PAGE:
Ethernity recently exhibited at the NetworkX conference in Amsterdam, Netherlands. This event was an excellent melding of three smaller events into a single mega-conference: Broadband World Forum, 5G World, and Telco/Cloud.
We purposely situated our booth on the dividing aisle between the broadband and 5G areas of the show floor, attracting attendees from both areas to discuss our products and solutions that deftly address the data transport needs of each. Whether they were interested in our PON devices to enable broadband and fiber-to-the-room connectivity, our ACE-NIC FPGA SmartNIC to enable disaggregated fronthaul aggregation and/or vRouter (or other virtual applications) offload, or our wireless bonding over our UEP network appliances, we had a solution to fit virtually any attendee’s needs.
The highlight of the show, of course, was our live demo of the wireless bonding technology. Designed by VP of Products and Business Development Oded Bergman, the demo used two compact UEP-20 appliances, each connected to a server from which they would send a live streaming video to the other via a 10Gb point-to-point wireless link that was simulated by another UEP-20 between them. One of the two UEPs would be using Link Aggregation (LAG) to transmit the video, while the other would be using Ethernity’s patented link bonding technology.
Initially, the video was easily transmitted from one UEP-20 to the other, as a 10Gb connection is more than enough to handle video traffic. However, we then introduced an additional 4Gb of interfering traffic via a Xena Ethernet traffic generator, thereby overloading the 10Gb connection.
This caused the video being transmitted by LAG to drop packets and glitch on the screen, as LAG was unable to load balance the excess traffic over smaller 1Gb links. The video being transmitted over our wireless bonding, though, handles the excess traffic without any issues and continues to stream a crisp, clear video image.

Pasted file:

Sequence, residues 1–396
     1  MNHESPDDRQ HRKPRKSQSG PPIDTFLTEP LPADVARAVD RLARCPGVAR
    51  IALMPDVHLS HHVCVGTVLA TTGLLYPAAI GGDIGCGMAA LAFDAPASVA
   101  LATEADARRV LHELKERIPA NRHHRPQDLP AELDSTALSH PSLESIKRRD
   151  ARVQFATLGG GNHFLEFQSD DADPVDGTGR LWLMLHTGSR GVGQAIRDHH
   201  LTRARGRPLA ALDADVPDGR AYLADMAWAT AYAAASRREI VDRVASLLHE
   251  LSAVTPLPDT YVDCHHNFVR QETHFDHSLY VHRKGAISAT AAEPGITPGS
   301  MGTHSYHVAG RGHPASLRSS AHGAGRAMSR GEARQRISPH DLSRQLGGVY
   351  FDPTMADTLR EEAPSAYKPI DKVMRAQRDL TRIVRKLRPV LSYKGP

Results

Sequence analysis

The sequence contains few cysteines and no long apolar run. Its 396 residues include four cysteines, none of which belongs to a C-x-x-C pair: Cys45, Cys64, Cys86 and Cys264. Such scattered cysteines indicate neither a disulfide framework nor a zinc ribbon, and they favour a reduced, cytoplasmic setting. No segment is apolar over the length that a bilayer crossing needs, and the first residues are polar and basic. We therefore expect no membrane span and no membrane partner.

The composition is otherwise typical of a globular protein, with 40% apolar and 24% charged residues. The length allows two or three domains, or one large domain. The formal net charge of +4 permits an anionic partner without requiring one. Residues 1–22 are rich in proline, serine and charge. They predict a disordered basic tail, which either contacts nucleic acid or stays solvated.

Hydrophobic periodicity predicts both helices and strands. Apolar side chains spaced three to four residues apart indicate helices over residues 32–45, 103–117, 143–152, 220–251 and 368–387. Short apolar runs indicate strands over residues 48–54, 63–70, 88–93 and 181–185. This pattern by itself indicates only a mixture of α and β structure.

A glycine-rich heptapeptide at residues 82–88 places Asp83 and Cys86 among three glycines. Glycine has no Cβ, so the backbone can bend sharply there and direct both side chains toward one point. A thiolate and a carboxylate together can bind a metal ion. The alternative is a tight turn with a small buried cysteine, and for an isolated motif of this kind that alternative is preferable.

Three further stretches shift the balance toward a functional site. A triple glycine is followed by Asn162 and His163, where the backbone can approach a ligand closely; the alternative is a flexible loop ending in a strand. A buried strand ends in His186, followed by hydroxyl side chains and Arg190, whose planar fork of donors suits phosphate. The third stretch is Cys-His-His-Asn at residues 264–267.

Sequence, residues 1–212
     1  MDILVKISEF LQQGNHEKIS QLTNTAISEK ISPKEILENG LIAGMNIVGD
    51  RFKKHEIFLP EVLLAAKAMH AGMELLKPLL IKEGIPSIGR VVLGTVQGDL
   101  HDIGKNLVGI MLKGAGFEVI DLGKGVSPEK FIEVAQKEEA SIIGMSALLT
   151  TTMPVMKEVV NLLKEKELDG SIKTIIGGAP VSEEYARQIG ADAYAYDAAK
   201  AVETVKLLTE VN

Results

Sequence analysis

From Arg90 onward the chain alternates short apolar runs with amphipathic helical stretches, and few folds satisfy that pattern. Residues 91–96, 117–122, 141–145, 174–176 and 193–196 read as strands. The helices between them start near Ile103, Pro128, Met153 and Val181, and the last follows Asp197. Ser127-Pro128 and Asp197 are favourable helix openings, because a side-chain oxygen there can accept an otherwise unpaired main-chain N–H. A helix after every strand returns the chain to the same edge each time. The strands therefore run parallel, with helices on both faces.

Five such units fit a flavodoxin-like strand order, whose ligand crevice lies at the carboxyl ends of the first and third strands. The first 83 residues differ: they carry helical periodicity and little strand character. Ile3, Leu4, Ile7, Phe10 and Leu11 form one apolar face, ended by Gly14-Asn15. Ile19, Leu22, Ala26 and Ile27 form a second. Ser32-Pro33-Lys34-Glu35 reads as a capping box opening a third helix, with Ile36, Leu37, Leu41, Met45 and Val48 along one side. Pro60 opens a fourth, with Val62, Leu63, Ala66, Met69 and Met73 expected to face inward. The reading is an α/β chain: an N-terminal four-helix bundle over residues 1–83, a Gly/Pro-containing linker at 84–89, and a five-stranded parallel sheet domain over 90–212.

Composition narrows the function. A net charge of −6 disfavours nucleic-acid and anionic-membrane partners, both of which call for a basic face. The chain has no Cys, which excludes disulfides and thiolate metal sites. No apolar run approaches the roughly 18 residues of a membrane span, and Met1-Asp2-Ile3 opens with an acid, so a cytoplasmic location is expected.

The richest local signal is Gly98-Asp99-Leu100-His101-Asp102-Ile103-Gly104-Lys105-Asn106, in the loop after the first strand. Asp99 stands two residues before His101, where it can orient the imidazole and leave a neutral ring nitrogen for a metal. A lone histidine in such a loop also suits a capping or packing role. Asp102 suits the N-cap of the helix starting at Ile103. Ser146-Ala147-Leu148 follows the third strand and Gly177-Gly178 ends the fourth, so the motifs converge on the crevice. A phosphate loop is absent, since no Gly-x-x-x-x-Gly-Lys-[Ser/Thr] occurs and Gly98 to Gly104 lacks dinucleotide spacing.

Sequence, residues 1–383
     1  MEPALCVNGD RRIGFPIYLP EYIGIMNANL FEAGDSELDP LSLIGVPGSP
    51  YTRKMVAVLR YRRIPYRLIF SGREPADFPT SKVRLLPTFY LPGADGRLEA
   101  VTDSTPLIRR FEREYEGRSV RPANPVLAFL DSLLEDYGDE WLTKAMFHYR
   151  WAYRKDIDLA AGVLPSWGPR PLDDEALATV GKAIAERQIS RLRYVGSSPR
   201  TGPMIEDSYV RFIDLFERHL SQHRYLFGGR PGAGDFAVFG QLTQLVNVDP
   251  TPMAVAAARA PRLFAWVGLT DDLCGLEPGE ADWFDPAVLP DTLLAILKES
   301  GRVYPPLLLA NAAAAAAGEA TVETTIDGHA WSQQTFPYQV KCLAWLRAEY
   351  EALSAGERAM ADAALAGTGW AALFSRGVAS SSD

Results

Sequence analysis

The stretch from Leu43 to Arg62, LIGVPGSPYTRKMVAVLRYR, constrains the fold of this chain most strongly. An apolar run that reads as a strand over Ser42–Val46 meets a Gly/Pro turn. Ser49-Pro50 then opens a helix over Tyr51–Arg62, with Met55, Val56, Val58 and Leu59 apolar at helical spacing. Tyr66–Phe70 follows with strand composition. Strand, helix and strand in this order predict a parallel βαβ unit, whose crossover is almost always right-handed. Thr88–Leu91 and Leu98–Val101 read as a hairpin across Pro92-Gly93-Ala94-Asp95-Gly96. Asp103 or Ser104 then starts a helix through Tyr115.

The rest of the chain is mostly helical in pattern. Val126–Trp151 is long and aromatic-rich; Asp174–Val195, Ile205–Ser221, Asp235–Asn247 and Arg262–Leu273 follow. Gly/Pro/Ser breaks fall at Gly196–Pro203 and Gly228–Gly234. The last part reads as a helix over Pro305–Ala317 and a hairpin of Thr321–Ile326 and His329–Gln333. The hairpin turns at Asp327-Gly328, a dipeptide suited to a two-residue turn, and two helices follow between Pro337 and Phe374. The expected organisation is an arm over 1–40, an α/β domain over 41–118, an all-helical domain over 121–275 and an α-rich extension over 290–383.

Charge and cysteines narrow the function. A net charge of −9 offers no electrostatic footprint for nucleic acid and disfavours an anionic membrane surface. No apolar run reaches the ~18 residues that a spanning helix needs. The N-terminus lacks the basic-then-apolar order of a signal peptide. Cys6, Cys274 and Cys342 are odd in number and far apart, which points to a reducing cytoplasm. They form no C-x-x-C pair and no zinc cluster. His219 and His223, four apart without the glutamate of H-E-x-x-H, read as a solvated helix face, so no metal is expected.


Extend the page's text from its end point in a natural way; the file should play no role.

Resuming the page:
Obviously, this is but one potential use case for our bonding. A more likely scenario in the real world is that there is inclement weather that knocks out a 10Gb link, causing severe delays and outages for the LAG-based video stream, while the stream using our bonding seamlessly load balances the lost connection over multiple links to maintain the quality of service.
The demo was well-received, and the wise choice of looped Lord of the Rings trailers as our demo video both drew people’s attention to the screen and provided enough on-screen movement that the dropped packets by the LAG version were painfully obvious.
Perhaps most instructive was an experience we had with one potential customer from Ireland. The man was visiting the conference seeking possible technologies to help his video broadcast company. He told us that he was running a proof of concept demonstration the following week using a different company’s equipment, and that far too often he was experiencing major difficulties.
The man pointed to the LAG screen in our booth and said, “This is what I currently get.” Then he pointed to the Link Bonding screen right next to it and said, “And this is what I want!”
That, in a nutshell, is why we considered NetworkX to be a great success for Ethernity. We successfully promoted our products, we presented our technology in such a way that it was clear to all that they could benefit from it, and we built our brand in so doing.
That’s why we’ve already signed on to attend next year’s NetworkX in October 2023 in Paris. We’re looking forward to creating even more successful leads that we hope to turn into new customers.